8. Don
    April 12, 2008

    Jon: Johnny Taylor hit on it. The Sunshine Bridge, like too many transportation project, addressed a problem that didn’t really exist (or at least in a quantity large enough to build a span over the lower Mississippi!) We see this all to often in the church world as well.

  9. Hunter
    April 12, 2008

    Jon: the picture of the bridge is amazing. Thank you for sharing it. Jet was also right on with what he pointed out. Jesus prayed in John 17 that we would not be taken out of it all, but remain “in it.” Following that he simply prayed: “My prayer is not that you take them out of the world but that you protect them from the evil one.”

    So, what does if this is the case, and the church has been just trying to build over “it” instead of being in “it” then, what does it really look like to be IN the world or culture, but not be of it?

    It seems to me that it just means that we shouldn’t be so disconnected from culture that we cannot relate to it. We shouldn’t live in such a way to create and entire sub-culture that is not connected or completely irrelevant from the rest of society, we should be in the world. However, we should think quite differently. That is the picture we get from Jesus anyway. He lived among the rest of society, thought very different, but was very connected with the world around him. He not only knew people outside of the church that we not believers, he was their friend. So, i guess the challenge to all of us who are in “professional” ministry is… How many non-christians do you know that don’t come to your church?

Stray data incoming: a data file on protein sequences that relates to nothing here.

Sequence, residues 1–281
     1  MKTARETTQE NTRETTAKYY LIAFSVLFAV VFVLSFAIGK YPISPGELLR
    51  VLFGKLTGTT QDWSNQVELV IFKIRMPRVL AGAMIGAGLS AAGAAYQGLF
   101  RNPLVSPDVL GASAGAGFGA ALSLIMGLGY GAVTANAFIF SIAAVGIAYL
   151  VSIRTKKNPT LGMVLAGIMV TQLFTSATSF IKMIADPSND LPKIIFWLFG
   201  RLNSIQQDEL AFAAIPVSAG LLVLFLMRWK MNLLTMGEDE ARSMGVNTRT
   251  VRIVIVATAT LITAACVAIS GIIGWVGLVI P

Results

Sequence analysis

10. Jonathan Stone
    April 13, 2008

    Well, I’m officially introduced to ‘middle class American’ life. I’ve cut grass that I actually own for the first time, invested in patio furniture, and made a sand box for my daughters (well actually my therapist did that part). Anyway, it’s been a busy couple of days and kept me from responding to you guys. So, here we go.

    To Mike:
    Thanks for the image. It’s pretty cool how it shows the first gap to overcome as being the Christian sub-culture!

    To Chris:
    Thanks. I think you hit on the most provocative part of the imagery. That is, why would we continue to pour resources into a structure that lays outside of our purpose? In the context of this analogy it really seems rediculous!

    To Johnny, Don, and Hunter:
    Yes, the analogy breaks down when you start asking the questions and raising the points that you guys made. We were never suppose to be ‘avoiding’ the river in the first place. Hunter, I guess the best image we could have of being ‘in’ the culture instead of spanning ‘over’ it is one that Jesus already gave us in Scripture. That is, nets that will not break.

  11. Gene
    April 16, 2008

    “Perhaps it is harmless to leave it standing (then again, deserted structures can become a hazard for wayward children). However, neither do I have a desire to renovate a structure that serves no real purpose.”

    I love this. The last two paragraphs of this post are awesome.

    The structure should have never been built in the first place. Church was never meant to be an institution.

  12. darrellbjr
    April 17, 2008

    Sorry to join this post late.

    I see the problems with old bridges and I see the need for new bridges. There is no argument from me that the Church needs to be in the community…that’s my heart.

    An interesting book on churches as bridges from another perspective is The Church of Irresistable Influence. It likens intentional engagement with the community to building bridges between Christ and the community.

    If we are talking about bridges that simply go over the community without engaging them, I would call that more of an “Overpass”. But if we are talking about building intentional relationships that will allow pre-Christians to cross over into the Kingdom, that to me is what should be a “Bridge”.

    I would argue that most churches were built to be an overpass, but Christ always intended for the Church to create bridges through the lives of those who are in the world but not of it.

  13. darrellbjr
    April 17, 2008

    Don’t know why the link didn’t go through. Let me try it again


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This entry was posted on April 11, 2008 by in issues, missional, sustainability, trends, vision.